An expansion bus 228, such as the Extended Industry Standard Architecture (EISA) or the Industry Standard Architecture (ISA) bus, is connected to the PCI bus 206 through a PCI-expansion bus bridge 216. The expansion bus 228 is connected to an input/output (I/O) controller 218, which provides interface ports to a keyboard 220, a pointer device (such as a mouse), and a serial port 222 and a parallel port 224. Expansion slots 226 are connected to the expansion bus 228 to provide further expansion capabilities.

The system automatically engages a video scaler circuit with the correct scaling factor based on automatic detection of a mode that is not equal to the native flat panel display resolution. The system also enables the manual selection of the highest quality scaler of two or more potential scaler modes when video scalers in the controller and in the monitor may have some overlapping capabilities. Modes include choosing between the two scalers or potentially using a combination of both scalers. Moreover, the system automatically selects the highest quality scaler (or combination of scalers) when a scaler device exists in both a system and a digital flat panel display device. Further, the system positions (typically by centering) a display resolution on a display device of higher resolution while minimizing the bandwidth required to do so. These capabilities allow different display resolutions to be supported and configured with the same computer. Additionally, different quality tradeoffs are available as options to the user.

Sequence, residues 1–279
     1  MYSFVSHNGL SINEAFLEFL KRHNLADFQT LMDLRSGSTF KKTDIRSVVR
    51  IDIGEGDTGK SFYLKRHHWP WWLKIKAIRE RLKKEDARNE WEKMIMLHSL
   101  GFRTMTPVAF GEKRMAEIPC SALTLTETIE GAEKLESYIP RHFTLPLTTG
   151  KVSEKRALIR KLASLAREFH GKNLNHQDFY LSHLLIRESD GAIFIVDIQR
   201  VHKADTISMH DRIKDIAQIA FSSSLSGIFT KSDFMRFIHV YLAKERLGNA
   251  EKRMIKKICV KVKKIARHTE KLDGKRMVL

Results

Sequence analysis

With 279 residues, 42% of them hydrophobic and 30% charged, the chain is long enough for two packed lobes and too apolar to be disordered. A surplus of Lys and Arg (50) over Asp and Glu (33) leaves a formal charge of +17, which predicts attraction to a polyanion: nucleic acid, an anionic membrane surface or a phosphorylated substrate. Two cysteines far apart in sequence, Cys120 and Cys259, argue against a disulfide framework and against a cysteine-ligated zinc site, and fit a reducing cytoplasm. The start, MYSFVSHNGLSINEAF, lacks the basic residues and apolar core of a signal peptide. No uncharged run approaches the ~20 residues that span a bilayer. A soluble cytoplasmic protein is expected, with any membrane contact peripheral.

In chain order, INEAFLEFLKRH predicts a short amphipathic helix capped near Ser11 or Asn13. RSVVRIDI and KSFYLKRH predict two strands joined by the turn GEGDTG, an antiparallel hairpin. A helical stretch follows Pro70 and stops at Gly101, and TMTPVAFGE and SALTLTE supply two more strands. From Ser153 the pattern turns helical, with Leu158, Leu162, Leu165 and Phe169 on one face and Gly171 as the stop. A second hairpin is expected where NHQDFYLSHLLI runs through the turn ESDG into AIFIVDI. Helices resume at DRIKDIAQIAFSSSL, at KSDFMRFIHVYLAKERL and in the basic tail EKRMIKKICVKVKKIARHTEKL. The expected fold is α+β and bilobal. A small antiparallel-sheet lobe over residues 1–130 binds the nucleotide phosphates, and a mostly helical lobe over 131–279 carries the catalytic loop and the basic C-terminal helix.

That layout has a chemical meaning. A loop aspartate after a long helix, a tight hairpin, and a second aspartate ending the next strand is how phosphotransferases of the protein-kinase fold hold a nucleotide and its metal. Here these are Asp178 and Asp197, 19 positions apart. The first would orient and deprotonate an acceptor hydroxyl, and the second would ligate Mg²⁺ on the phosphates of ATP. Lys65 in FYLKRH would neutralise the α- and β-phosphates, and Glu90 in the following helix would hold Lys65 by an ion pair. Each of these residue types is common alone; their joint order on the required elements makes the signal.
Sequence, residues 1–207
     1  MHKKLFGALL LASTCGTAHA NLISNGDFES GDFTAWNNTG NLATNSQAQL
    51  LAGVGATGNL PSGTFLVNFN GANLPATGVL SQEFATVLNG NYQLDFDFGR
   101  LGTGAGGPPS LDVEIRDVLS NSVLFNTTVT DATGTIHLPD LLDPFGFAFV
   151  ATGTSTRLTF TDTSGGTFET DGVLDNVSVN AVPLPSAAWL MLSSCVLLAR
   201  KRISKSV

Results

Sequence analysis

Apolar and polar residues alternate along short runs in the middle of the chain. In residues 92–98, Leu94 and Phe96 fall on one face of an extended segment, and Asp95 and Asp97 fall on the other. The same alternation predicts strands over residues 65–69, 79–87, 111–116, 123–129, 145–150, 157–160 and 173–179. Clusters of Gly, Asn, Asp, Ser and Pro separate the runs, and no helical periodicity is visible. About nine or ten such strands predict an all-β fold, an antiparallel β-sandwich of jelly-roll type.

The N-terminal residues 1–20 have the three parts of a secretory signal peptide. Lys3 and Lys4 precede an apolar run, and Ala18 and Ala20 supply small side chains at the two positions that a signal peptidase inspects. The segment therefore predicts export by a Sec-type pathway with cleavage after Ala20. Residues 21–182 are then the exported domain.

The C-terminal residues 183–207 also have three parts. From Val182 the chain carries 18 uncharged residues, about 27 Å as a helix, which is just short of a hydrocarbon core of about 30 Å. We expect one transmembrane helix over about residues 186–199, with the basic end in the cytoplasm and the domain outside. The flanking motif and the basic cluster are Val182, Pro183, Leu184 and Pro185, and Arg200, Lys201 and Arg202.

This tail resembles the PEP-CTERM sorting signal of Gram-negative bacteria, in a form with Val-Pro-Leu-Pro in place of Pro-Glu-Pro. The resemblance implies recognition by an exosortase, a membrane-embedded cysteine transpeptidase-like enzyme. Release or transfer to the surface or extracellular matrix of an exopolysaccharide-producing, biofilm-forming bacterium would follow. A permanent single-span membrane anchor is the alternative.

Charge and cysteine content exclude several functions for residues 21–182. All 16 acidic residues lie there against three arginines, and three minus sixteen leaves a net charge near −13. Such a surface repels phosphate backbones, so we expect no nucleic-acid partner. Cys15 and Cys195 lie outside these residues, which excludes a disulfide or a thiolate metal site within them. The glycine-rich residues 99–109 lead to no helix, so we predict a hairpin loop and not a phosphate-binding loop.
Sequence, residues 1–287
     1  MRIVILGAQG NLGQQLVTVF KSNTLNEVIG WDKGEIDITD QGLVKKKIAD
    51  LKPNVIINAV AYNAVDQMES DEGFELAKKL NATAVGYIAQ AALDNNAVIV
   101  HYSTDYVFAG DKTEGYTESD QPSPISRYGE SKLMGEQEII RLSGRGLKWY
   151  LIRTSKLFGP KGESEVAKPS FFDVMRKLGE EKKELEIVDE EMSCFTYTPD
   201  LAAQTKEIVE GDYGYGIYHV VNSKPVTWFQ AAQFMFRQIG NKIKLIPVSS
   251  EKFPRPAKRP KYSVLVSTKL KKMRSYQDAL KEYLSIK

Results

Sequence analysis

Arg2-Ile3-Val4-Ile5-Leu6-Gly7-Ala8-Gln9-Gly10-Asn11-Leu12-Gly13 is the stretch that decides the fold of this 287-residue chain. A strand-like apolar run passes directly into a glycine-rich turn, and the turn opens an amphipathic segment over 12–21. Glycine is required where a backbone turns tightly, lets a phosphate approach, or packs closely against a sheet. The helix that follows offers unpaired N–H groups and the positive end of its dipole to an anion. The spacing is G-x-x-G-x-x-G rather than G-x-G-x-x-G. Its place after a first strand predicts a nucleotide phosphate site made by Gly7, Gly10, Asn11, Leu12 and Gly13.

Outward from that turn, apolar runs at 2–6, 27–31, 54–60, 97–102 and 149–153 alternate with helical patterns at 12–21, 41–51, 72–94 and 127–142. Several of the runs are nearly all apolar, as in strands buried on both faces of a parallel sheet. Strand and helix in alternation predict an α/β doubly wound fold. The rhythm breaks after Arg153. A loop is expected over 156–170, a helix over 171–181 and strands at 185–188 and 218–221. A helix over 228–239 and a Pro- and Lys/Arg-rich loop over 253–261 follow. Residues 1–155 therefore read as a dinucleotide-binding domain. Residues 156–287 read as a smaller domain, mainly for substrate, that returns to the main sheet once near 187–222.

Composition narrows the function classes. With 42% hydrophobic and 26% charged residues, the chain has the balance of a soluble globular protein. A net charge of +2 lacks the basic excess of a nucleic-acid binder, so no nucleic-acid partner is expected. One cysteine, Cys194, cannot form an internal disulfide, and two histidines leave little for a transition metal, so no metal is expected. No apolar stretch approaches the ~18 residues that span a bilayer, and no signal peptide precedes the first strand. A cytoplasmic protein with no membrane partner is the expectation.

The specific resolutions used herein are standard resolutions and their resolutions could be added or deleted as required for any specific implementation. Further, the control panel user interface examples shown above are only samples of possible ways to give the user access to the scaler resources in the system and the display. The specific implementation will depend on the expected capability of the target users. For unsophisticated user, a simplified version like the one above could be user possibly providing access to the more complete version via an “advanced” option area of the display control panel.

Other embodiments are also within the scope of the following claims.

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Classifications
U.S. Classification715/785, 345/699
International ClassificationG09G3/20, G09G5/00
Cooperative ClassificationG09G2340/0407, G09G2340/0485, G09G5/006
European ClassificationG09G5/00T4